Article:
VIE and dry
Investors are worried about Chinese accounting practices after a string of alleged frauds at U.S.-listed companies. But it’s not just the numbers they should be concerned about. Risks may also lie in a complex structure used by companies from search engine Baidu to recently-listed social network Renren to get around rules on foreign ownership. Some have already gone wrong; more could follow.
The device in question is the variable interest entity. A VIE facilitates foreign investment in taboo sectors like internet and advertising. It puts the company’s sensitive operating licence in a separate box, owned by Chinese citizens – often the founder or a relative. The foreign-invested holding company gets a contractual right to use and control the licence, and claim earnings from it, but doesn’t have outright ownership.
The structures are pretty common: two-thirds of NASDAQ Chinese listings used them in 2010, according to independent analyst Fredrik Oqvist. There is also a criss-cross of provisions in place to keep the licence holder honest. Strongly worded contracts are the first. An equity pledge is the second. This usually says that if the licence holder breaks the contract, the operating company can seize the licence back.
Yet it’s not clear what would happen if VIEs were put under real strain. Contracts in China, where there is no independent judiciary, are hard to enforce. Shareholders might find themselves pursuing a claim in a local court against a tycoon with powerful connections. Since there are no legal precedents on VIEs, investors may even avoid pursuing claims, in case a ruling against them starts a pernicious domino effect.
The other problem is that the government may yet step in and deem VIEs illegal, since the structures are plainly designed to circumvent the rules. Authorities have turned a blind eye so far, but that’s no guarantee they will do so in future. A spat between Yahoo and Chinese ecommerce partner Alibaba over their online payment system may have started after regulators decided, according to local media, that control through a VIE was too close for comfort.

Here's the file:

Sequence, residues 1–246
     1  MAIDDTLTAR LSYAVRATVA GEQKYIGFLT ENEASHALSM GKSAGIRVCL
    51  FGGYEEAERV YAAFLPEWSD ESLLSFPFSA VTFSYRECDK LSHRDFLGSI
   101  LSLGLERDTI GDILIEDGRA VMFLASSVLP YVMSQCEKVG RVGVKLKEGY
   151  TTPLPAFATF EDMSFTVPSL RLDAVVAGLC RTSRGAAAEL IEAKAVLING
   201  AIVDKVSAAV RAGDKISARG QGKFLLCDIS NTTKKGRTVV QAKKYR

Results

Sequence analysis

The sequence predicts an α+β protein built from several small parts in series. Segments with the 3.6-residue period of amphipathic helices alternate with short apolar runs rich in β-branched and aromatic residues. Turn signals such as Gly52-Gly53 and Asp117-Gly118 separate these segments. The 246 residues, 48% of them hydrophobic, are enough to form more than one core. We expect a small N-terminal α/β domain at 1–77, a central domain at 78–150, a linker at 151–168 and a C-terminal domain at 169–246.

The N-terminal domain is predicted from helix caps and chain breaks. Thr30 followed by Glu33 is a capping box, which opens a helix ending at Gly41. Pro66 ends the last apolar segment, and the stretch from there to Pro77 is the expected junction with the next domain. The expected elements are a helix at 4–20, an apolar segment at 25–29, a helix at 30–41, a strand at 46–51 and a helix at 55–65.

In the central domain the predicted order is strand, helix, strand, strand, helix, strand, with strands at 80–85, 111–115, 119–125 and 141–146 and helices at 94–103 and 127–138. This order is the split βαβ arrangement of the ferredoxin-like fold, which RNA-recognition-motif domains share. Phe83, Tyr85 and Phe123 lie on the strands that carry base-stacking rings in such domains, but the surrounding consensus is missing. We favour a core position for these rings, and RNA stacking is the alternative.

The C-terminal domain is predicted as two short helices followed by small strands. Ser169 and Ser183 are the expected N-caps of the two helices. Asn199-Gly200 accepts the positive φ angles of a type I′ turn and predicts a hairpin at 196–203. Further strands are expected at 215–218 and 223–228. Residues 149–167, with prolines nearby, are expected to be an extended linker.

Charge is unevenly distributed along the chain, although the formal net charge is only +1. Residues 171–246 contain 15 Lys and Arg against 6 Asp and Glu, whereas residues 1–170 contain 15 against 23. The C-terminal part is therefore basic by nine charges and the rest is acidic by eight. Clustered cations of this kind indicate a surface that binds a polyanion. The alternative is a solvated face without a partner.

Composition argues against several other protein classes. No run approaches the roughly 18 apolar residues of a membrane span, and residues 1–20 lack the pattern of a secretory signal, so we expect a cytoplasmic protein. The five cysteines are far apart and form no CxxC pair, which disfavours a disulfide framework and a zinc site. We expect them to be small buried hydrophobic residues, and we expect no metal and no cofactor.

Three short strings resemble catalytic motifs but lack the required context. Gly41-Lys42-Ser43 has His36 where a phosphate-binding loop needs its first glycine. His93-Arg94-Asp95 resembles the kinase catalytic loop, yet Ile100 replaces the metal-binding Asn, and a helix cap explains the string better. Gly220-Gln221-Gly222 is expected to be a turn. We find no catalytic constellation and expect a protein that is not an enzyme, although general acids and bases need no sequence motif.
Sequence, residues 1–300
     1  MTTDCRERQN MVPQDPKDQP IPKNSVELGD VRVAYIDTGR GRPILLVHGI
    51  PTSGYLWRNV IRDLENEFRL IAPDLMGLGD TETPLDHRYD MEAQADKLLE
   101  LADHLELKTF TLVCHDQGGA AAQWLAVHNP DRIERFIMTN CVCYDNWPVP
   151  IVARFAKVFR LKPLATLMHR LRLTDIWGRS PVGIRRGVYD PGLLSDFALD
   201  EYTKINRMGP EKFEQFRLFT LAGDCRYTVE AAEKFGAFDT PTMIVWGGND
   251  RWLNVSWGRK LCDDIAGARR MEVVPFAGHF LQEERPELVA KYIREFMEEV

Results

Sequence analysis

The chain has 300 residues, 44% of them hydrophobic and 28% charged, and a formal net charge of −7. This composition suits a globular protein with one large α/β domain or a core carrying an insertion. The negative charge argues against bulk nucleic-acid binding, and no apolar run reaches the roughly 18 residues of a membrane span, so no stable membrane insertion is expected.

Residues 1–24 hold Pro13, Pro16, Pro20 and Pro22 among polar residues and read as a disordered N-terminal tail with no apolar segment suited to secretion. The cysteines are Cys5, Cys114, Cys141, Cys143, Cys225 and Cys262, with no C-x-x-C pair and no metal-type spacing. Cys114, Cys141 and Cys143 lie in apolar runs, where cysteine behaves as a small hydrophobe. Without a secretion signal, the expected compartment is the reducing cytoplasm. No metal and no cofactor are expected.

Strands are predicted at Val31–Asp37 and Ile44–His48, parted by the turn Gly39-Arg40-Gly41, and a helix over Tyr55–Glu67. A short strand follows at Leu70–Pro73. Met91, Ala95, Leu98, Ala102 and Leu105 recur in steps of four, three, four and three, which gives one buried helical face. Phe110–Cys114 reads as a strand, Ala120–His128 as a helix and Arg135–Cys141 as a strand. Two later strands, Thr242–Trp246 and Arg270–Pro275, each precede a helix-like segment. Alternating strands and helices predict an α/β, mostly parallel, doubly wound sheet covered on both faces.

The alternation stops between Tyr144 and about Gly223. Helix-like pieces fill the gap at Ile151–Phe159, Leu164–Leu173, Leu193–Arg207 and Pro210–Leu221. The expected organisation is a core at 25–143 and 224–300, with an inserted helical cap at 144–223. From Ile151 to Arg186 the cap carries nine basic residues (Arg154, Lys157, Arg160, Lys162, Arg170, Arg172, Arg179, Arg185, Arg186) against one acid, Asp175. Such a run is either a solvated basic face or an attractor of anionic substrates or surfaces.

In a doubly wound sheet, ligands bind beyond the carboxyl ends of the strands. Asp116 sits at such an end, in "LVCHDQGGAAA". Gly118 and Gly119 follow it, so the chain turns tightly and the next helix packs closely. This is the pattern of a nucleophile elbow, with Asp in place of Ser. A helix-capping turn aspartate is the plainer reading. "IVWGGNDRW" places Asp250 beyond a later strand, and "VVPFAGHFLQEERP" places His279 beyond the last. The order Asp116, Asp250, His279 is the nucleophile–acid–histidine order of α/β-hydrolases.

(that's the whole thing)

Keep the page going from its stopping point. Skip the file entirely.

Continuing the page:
In a couple of cases, VIEs have already started to go wrong. Singaporean online gaming company Gigamedia tried to sack the owner of its Chinese licence, only for him to abscond with it. Gigamedia has decided to start again from scratch rather than pursue the claim further. In March, steelmaker Buddha Steel pulled a U.S. stock listing because local government deemed its VIE to be against public policy.
Investors can’t say they haven’t been told. Renren’s prospectus warned that contractual agreements may not be as effective as ownership, and may not even be legal. Some investors assume that because some of the companies involved are so big – Baidu’s market capitalisation is $41 billion – there is almost no chance of these structures being challenged. Maybe. But if recent accounting scandals have created a sceptic’s discount over China stocks, VIEs seem a good place to apply it.